A safe list to stop new weeds

Our Work  |  Weeds  |  Photo: Takashi Hososhima CC BY-NC-ND 2.0

Australia’s weed problem worsens each year. In what would be the most important reform for weed prevention in the country, each state and territory must create new laws to limit the flow of new weeds escaping into the bush by creating a list of safe plant species that can be sold and moved in each state and territory.

Why is weed reform is essential to halt Australia’s growing weed problem?

Australia’s toughened international quarantine laws, introduced in 1997, make it much harder for new weedy species to be brought into our country.

Now it’s more likely that our next big weed problems are already here, imported for gardens or agriculture before these laws required risk assessment of plant importations into Australia.

There are close to 30,000 exotic plant species in Australia, most cultivated in gardens or paddocks, more than the number of native plant species (about 20,000). About 3000 exotic species have already established in the wild and this number grows by about 20 a year. This is our source of new weeds.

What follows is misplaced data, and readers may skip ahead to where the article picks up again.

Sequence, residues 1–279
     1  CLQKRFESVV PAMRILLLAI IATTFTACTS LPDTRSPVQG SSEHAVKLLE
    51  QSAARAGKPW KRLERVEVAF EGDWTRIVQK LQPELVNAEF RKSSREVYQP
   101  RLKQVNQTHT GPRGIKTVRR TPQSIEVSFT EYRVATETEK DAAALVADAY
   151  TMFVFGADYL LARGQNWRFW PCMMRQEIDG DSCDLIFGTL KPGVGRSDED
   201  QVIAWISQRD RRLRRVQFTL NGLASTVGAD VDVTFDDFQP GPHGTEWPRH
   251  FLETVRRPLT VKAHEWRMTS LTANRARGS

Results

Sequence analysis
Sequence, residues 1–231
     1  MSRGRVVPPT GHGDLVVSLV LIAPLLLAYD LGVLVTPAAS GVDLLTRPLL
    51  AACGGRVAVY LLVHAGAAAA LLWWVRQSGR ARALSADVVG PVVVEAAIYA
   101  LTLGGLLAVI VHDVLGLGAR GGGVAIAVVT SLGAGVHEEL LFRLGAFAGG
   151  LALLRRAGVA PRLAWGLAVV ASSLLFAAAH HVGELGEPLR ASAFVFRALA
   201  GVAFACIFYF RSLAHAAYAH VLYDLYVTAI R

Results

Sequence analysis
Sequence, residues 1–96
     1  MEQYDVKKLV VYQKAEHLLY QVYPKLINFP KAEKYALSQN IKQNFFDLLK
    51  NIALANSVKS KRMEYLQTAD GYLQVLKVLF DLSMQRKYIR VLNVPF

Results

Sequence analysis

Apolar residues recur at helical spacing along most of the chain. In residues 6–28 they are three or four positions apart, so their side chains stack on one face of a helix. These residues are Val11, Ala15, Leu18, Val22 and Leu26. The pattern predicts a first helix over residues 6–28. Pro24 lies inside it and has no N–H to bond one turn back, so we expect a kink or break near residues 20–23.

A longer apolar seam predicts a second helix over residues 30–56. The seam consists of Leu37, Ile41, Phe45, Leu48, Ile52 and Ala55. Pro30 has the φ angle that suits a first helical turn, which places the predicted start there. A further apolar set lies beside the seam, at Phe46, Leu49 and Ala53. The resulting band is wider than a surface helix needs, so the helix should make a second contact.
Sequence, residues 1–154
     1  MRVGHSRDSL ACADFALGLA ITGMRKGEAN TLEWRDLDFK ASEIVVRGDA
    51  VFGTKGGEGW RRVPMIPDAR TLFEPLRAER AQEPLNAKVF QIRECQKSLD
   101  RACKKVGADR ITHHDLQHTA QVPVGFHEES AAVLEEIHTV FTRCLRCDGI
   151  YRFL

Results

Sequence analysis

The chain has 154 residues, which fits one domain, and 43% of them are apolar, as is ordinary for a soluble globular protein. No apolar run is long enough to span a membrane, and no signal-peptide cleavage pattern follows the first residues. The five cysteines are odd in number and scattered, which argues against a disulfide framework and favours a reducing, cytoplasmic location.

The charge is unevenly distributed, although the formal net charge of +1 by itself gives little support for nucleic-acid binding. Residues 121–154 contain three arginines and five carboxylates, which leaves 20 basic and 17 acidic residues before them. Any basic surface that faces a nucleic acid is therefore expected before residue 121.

In 2009 an independent review of federal laws found that the movement of potentially invasive plants within Australia is “effectively unconstrained”, and that they represent “a vast reservoir of potential future problems”. Almost a quarter of exotic plants here are weeds in other parts of the world.

Importing weedy species

Right now there is nothing to stop a nursery, say in NSW, importing hundreds of known weedy species from other states and selling them to an unsuspecting public, risking the chance of new species escaping into nearby bushland or farmland, to threaten native species and agricultural production.

Weeds are already recognised as among the top threats to Australia’s native plants and animals, and cost agriculture well over $4 billion annually in lost production and control.

Clearly, we cannot afford the spread of even more weed species already within Australian borders. We need to take action and stop new weeds in their tracks.

To do this, the Invasive Species Council is asking each state and territory to prevent new weed problems by requiring all new introductions into their states to pass a risk assessment. Only plants on a ‘safe list’ would be allowed to be sold or moved between states and territories. Some species already well entrenched would also be on this permitted list.

The Western Australian Government has been running a similar model for six years now. To begin, a list of plant species were assessed as safe, or of low risk to that state’s agricultural sectors and natural environment. When new plants need to be brought into the state they are assessed. In most cases, these are determined as of low risk of becoming weedy and added to the ‘safe list’. Many hundred of potentially weedy species have been kept out of the state.